Newspaper Archive of
Lassen County Times
Susanville, California
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November 6, 2007     Lassen County Times
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November 6, 2007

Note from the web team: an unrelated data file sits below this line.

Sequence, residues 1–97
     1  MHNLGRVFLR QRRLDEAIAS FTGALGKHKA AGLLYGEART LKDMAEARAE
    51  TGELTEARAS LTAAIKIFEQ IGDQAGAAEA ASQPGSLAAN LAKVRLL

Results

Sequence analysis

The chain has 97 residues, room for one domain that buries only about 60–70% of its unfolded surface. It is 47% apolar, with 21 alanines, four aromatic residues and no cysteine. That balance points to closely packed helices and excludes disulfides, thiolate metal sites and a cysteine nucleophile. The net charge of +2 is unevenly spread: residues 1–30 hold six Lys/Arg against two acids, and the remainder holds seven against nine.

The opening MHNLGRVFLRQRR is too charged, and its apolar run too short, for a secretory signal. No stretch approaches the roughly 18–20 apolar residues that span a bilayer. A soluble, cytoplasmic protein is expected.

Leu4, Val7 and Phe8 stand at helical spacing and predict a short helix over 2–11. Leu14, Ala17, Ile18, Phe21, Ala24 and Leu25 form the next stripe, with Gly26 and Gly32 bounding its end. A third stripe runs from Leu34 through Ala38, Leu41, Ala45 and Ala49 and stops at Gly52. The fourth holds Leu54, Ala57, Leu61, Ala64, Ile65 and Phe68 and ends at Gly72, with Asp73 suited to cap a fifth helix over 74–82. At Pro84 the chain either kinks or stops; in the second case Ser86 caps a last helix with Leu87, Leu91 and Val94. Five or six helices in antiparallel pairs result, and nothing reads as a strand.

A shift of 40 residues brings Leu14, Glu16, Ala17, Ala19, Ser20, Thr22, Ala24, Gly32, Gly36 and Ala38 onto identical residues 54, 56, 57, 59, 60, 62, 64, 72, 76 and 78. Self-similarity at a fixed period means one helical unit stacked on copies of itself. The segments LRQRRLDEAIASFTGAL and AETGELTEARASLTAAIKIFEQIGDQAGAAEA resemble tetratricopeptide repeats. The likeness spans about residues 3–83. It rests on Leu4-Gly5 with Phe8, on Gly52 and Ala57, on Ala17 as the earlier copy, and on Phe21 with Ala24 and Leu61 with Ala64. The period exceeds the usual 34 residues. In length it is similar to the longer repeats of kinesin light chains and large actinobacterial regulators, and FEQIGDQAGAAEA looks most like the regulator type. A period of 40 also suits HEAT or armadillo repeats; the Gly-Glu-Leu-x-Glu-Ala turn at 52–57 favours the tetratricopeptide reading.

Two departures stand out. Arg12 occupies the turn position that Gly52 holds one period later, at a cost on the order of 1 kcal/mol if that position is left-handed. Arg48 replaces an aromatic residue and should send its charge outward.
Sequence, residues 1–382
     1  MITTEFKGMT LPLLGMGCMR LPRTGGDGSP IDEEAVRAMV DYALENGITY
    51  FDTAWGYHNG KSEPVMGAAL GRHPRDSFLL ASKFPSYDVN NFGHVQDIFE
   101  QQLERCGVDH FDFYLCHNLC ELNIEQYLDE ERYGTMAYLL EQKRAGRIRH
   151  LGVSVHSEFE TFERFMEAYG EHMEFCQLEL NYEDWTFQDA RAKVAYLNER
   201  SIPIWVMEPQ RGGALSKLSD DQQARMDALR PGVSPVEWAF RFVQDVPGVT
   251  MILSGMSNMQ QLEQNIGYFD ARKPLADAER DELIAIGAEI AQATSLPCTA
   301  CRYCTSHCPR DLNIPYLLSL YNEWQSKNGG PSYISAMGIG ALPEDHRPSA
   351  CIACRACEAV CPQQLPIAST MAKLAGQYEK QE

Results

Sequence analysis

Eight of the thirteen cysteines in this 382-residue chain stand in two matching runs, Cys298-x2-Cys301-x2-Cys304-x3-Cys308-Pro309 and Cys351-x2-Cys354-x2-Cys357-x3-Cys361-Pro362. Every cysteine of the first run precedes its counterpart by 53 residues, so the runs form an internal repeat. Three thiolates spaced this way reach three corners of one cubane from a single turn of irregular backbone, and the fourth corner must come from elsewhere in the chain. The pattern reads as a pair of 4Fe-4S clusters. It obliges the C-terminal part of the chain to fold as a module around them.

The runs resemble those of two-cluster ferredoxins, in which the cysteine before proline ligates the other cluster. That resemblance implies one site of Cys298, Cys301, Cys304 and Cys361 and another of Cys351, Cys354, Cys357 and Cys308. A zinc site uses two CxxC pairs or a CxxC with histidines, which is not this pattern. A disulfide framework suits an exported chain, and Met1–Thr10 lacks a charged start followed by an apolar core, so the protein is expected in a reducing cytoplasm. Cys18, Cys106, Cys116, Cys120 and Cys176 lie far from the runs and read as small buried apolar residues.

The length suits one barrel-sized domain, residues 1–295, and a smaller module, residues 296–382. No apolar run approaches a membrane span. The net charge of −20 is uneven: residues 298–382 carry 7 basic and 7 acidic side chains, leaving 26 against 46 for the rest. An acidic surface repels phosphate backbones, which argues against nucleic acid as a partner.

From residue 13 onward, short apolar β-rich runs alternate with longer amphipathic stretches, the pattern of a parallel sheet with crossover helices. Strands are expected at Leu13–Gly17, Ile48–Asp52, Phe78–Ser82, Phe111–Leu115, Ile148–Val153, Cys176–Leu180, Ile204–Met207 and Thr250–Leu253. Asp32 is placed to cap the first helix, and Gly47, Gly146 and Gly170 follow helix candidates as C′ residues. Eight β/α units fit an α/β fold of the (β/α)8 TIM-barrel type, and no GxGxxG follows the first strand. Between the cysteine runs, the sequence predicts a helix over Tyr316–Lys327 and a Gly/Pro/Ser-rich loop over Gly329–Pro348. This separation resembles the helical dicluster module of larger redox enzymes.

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Lassen County Times, Westwood PinePress ,Tuesday Now.6~ 2.007 II Public Notices Notice of Decision TO PREPARE A MITIGATED NEGATIVE DECLARATION As Lead Agency pursuant to the California Environmental Quality Act, Lassen County is prepanng a Mitigated Negative Declaralion for the following project: Applicant: Lassen County Department of Public Works File No.: Susanville Ranch Park Trails Project: Construction of a multi-use, non- motorized trail facility that would add approx: imately 13.5 miles of new trails to the existing 8 miles of trails in Susanville Ranch Park. Location: The project site is located at 478-200 Meadowview Drive. in Susanville. Zoning: PUD. U-C, U-C-2. O-S (Planned Unit Development, Upland Conservation District. Upland Conservation Resource Management District. Open Space.) A.P.N.(s): 101-050-54, 25 Staff Contact: Joel Rathje, Trails CoordinatorPursuanl to the California Environmental Quality Act. Lassen County is the Lead Agency for the project identified above and is preparing a Mitigated Negative Declaration stating that with mitigation mea- sures incorporated into the project, there is no substantial evidence in the record, as cur- rently filed, which indicates that the proposed project may have a significant effect on lhe environment, The proposed Mitigated Negative Declaration is available for review at the Lassan County Department of Public Works 707 Nevada Street. Susanville, California. The review period will be from November 6, 2007 to December 5, 2007. Any comments you may have regarding this proposed Mitigated Negative Declaration must be sub- mitted to the Lassen C~unty Department of Community Development prior to the end of the review period. For the County of Lassen, Larry Millar, Director Department of Public Works Environmental Review Officer Published LCT Nov. 6, 2007 [nvitation to Bid Notice Inviting Sealed Bids Notice is hereby given that the Susanville Sanitary District will accept bids for the Pump and control system for the Eastside Sewage Lift Station for two pumps, pump bases, con- trols and rail system. Item specifications may be reviewed and will be available at SSD's District Office located at 45 S. Roop Street. Susanville. CA 96130. Questions regarding the specifications and equipment required should be addressed to Randy O'Hern, General Manager (530) 257-5665. Sealed bids will be received at Susanville Sanitary District P.O, Box 152. Susanville. CA 96130. physical address~ 45 S. Roop Street, Susanville, CA 96130, until November 30, 2007at 4:00 p.m. pacific lime. Bids received after that time will nol be accepted. Bids wilt be opened in public and LETTERS, from page 9C politics must play second fid- dle to getting the job done. From all this, and again within the limits prescribed by the Constitution that he has sworn to protect, the good president distills what's best for the nation as a whole. Then he sells his proposals to Congress and the people. If they're the right ideas, they'll sell. Of course, some bad ideas sell, too. When that happens, he concedes that his policies have failed, then changes course. Why? Because getting things right is all that matters. The main factor that distinguishes good presidents from bad is their readiness to switch gears when necessary. Our worst presidents weren't evil men; they simply failed to see that when you're off course, "stay- ing the course" is folly. These qualities, far more than party affiliation, cam- paign pledges or pre-election stands on specific issues, are what we should seek in our presidents. Thomas E. Braun Susanville Mirror, mirror Get a life Tanya. You are approaching 40 years of age and you are upset because you were not asked to show proof of age when purchasing o1' demon rum. Perhaps the clerk recognized you from your last purchase of the devil's brew. Or possibly to others you do not look like a teenager any- more. As my dear old Pappy use tosay "don't look for trou- ble where none exists." Toss the vanity and face life like the rest of us. I believe all the local stores do a fine job of screening underage tobacco and liquor purchase attempts. Edward O. Zacher Susanville Internet cowards Anonymity is at present inherent to the Internet; how- ever the Internet cowards who spew forth their sadistic pro- paganda designed to create hate, distortions or mean-spir- ited personal animosities are in the same category as the Muslim terrorist and the criminal who prey on the unsuspecting. Various Internet terrorists have desecrated free speech to include falsehoods, libel and individual character assassi- nation. These frustrated Internet terrorists imagine themselves as crusaders for a single cause or delight in con- ducting fictitious polls that somehow are supposed to be authentic which the Web site viewer is to believe. The individual(s) who post these distortions on their Web sites are so confident of their anonymity that they know no limits to their abusiveness, unless of course they can be identified which may occur in the foreseeable future. But until the Internet providers require more accountability, the spineless hate-mongers will continue to emerge from their slimy cesspools to broad- cast their invectiveness. If they won't identify them- selves, its nothing more than the ravings of a lunatic. James G. Forbes SusanviUe CalPERS retirees California Public Employees' Retirement System, CalPERS retirees in your circulation areas, such as myself, will soon receive a ballot in the mail for the important CalPERS election in 16 years. Retired CalPERS members are voting for who will repre- sent them in the retirees' seat. A position critical for main- taining the pension and bene- fits we earned during our careers of public service. None of the three candi- dates running for the seat received 51 percent of the votes necessary to win the seat outright when the first mail balloting took place this fall. The two top vote-getters are now facing a run-off race, Power outage from a distance This broken suspension insulator is pictured with the bullet that shot it down from the Chestnut substation at 6 a.m. on Friday, in Antelope Lake. The bullet caused a power outage that affected 300 people in the area for approximately 90 minutes. The Lassen Municipal Utility District still doesn't know who shot the insulator. Photo by Patrick Shillito which will be held between Nov. 9 and Dec. 10. Fortunately, state retirees have an easy choice to make - Perry Kenny is clearly the most experienced and knowl- edgeable of the two candi- dates. He was elected three times to serve as President of the California State Employees Association, which created CalPERS dur- ing the Depression. Perry Kenny also served three terms on the National Council for Public Employee Systems. The full CSEA Board endorses him and the CSEA Retirees, Inc which together repre- sents 140,000 retired and active state employees. Additionally, three current CalPERS Board members, including Robert Carlson, the man Kenny would replace when Carlson retires in January after 37 years on the CalPERS Board, endorse him. Perry Kenny knows the issues of CaIPERS retirees and has a long record of standing up for us during attempted pension raids. He has fought alongside us to keep ever-rising health care costs down. He is opponent is a virtual unknown, but he is outspend- ing Kenny with money com- ing from international unions and their associates outside of California. We deserve more than an unknown with ties to out-of-state interests. We need to elect a retirees' representative with a proven track record and a true com- mitment to CalPERS retirees. Cast you ballot for Perry Kenny - the retiree advocate. Don Prine SusanviUe Dyer Mountain What is happening now? Lawsuits have been filed against Lassen County and its supervisors by three groups, saying they were not in com- pliance with the California Environmental .Quality Act yet they have the go ahead for Dyer Mountain Associates to begin their project. This holds great signifi- cance for me as a Mountain Maidu. The reason is that my maternal grandfather John Peconum, a Mountain Maidu, and his family atone time held title to the land where much of this project will be built. They had Indian land grants given to they by the U.S. Government that covered the land from Keddie Ridge, to Hamilton Branch on the north side of Dyer Mountain. A U.S. government Indian agent supposedly looking after their interests managed to sell their land out from under them to private parties and then abscond with the ill- gotten proceeds. In later years, when my family tried to be compensated those from private parties put in legal obstacles so airtight that this was impossible. Even though I sympathize with those who are trying to stop this project, you can say With a certainty that the agreements that Lassen County signed with DMA will be just as airtight. You can als0 bet that the conglomerate that DMA is putting together will have a lot of legal muscle to try and stop any effort to bring their project to a halt. As an Indian traditionalist, l say to DMA that there is a constant and it is: if you abuse land of my ancestors you will face dire consequences, for their spirits still hold forth upon this land. Ray Morales Susanville read aloud shortly after the specified closing time. Interested parties are invited to attend. The SSD Board of Directors reserves the right to reject ~ or all bids. Dated this 19 Lday~tNov ember, 2007 Deborah L.' St~- Treasurer Published LCT Nov. 6, 13, 20, 2007 Estate of CHAPMAN NOTICE OF PETITION TO ADMINISTER ESTATE OF WARREN E. CHAPMAN aka WARREN CHAPMAN Case Number P-7671 To all heirs, beneficiaries, creditors, contin- gent creditors, and persons who may other- w~se be interested in the writ or estate, or both, of WARREN E. CHAPMAN aka WAR- REN CHAPMAN A Petition For Probate has been filed by JAMES L. CHAPMAN in the Superior Court of California, County of LASSEN. The Petition For Probate requests that JAMES L CHAPMAN be appointed as per- sonal representative to administer the estate of the decedent. The petition requests the decedent's will and codicils, if any, be admitted to probate. The will and any. codicils are available for exami- nation in the file kept by the court. The petition requests authority to administer the estate under the Independent Administration of Estates Act. (This authority will allow the personal representative to take many actions without obtaining court approval, Before taking certain very impor- tant actions, however, the personal represen- tative will be required to give notice to inter- ested persons unless they have waived notice or consented to the proposed action.) The independent administration authority will be granted unless an interested person files an objection to the petition and shows good cause why the court should not grant the authority. A hearing on the petition will be held on December 3, 2007 at 1:30 p.m Dept. 1, located at Superior Court of California, County of Lassen, 220 South Lassen Street, SusanviUe, CA 96130. IF YOU OBJECT to the granting of the peti- tion, you should appear at the hearing and state your objections, or file written objec- tions with the court before the .hearing. Your appearance may be in person or by your attorney. IF YOU ARE A CREDITOR or a contingent creditor of the deceased, you must file your claim with the court and maila copy to the personal representative appointed by the court within four months from the date of first issuance of letters as provided in section 9100 of the California Probate Code. The time for filing claims will not expire before four months lrom the hearing date noticed above. YOU MAY EXAMINE the file kept by the. court. If you are a person interested in the estate, you may file with the court a formal Request for Special Notice of the filing of an inventory and appraisal of estate assets or of any petition or account as provided in Section 1250 of the CaliforniaProbate Code. A Request for Special Notice form is avail- able trom the court clerk. Attorney for petitioner: Jill N. Robbins, Esq. 227796, Law Offices of Eugene B. Chittock, 100 So. Lassen St Susanville, CA 96130 Telephone: (530) 257-9351 Published LCT Comp, from page 9C protects the weak at the expense of the strong. The careless worker who -.mentJao .n-mclvthe y mjur s mseit Is entmeo would be Willing to give As with all social we -: to the same benefits as the fare programs, the cost of careful worker who is injured by a co-worker or by the employer's negli- gence. And employers are prohibited from taking disciplinary action against employees who of injuries covered andmany people ask me how file workers' compensa-the level of benefits pro- they can get workers' up a leg for. Need I say more? Workers' compensation is a social welfare pro- gram. As with all such programs, it essentially Schwarzeriegger made reducing workers' com- pensation costs one of his top priorities, But is this fair to the employee who is injured due to no fault of his own? Over the years, I have had workers' compensation has vastly exceeded what was anticipated. Consequently, there has been a push in recent years to reduce the types 'anqndustrial injury they:'e did not cause. This is the wrong question. The bet- ter question is how to avoid the workers' com- pensation trap. I'll leave that question for another time. Realtor (530) 310-1973 Now's the perfect time to do those improvements around the house. Maybe some new windows, new roof, etc ! 2605 Riverside Dr.